By Frank J. Buchman
“How many of you have a horse?”
Maybe a half-dozen raised their hands.
“How many like to read?”
Four times as many arms up
“How many want to be a cowgirl or a cowboy?”
About 40 arms excitedly lifted into the air. That was all of the legs-crossed children on the floor.
It was the weekly gathering of preschoolers and Kindergarteners at the Silver Lake Library, where we were talking about cowboys.
All eyes popped as the old cowboy in typical attire touched off with scarf around collar of red snap-shirt, and century-old spurs on boots, still a tinge of barnyard on one heel, shuffled to the front.
Kickoff was debut reading of our first “children’s book.” Written in a jiffy, but revised concisely upon advice of a little cowboy’s mom, “Frankie Gets A Horse,” didn’t seem to appeal to the already-getting-fidgety listeners as much as to the writer-reader. Guess that’s not our calling either.
A couple dozen pictures of our horses from the past five decades kept attention for a bit, and got a few hands raised with questions, actually more statements, such as a couple: “I have a horse, too.” The pictures of us and our son standing on horses’ backs drew comments, as well.
When we talked about our spurs, and passed around another pair, along with trophy stirrups, and our bridle, bought new 53 years ago, attentiveness brightened.
BB Jake the Practice Steer, made specifically for the program in red sawhorse fashion, with fiberglass horned bovine head, rope tail, and BB brand on right hip, attracted immediate attention.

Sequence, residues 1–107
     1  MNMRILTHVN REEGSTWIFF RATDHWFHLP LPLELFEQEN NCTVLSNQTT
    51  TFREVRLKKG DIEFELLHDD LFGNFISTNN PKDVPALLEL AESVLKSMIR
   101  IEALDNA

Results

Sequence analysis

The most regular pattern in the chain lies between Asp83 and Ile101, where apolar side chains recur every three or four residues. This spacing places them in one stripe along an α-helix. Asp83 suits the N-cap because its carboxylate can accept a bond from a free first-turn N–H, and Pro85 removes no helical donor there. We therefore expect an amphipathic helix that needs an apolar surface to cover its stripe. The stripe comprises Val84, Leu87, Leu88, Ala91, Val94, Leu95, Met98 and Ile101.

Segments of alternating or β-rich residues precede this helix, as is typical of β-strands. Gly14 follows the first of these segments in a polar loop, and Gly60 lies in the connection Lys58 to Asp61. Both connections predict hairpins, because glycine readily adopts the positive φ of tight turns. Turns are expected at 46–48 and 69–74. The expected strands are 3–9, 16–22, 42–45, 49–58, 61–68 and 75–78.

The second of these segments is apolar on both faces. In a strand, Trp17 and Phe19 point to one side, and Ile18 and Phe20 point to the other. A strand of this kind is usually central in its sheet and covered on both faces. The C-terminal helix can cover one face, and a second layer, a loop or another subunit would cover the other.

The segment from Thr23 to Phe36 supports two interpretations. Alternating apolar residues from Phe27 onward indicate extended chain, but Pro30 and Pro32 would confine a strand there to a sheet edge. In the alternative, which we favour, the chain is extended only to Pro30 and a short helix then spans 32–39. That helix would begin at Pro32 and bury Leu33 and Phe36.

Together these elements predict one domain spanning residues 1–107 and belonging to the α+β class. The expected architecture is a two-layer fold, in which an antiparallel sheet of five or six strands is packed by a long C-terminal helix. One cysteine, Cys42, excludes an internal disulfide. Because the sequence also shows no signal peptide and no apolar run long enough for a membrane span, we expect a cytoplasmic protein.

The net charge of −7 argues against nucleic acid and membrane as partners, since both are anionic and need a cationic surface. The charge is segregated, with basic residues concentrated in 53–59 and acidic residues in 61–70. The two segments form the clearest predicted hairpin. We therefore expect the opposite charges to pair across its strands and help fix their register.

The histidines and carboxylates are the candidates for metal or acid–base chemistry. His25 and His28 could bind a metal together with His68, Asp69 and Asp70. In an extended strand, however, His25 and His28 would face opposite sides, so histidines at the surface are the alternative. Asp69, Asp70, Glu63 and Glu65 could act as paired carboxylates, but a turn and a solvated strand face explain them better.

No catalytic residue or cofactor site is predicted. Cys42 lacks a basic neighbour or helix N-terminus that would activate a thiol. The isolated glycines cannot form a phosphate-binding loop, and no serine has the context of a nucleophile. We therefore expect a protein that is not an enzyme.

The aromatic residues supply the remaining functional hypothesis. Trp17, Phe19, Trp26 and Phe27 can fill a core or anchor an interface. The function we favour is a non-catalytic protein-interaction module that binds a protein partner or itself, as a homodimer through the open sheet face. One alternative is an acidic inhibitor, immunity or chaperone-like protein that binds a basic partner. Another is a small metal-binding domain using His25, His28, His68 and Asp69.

Attempting to demonstrate our lariat, we threw, and missed Jake, dropped our chin, and shrugged. But, second loop catch drew vivid children applause, and reprieve. Smiles abounded as youngsters examined the rope, personally.
Sack full of past summer’s horseshow ribbons, one for each, made all the cowboy’s friends.
Everyone identified our Bible when we showed it, and joined seemingly faithful in prayer. Librarian even said the cowboy might be invited back, if we talked about our hat.
Reminds us of Job 35:2: “Children are perfectly innocent before God.” Thus, Deuteronomy 4:9: “Lest the things your eyes have seen, depart from your heart and teach them to the children.” Because, First John 4:6: “Children listen, perceive, recognize, understand by observation, and experience we share.”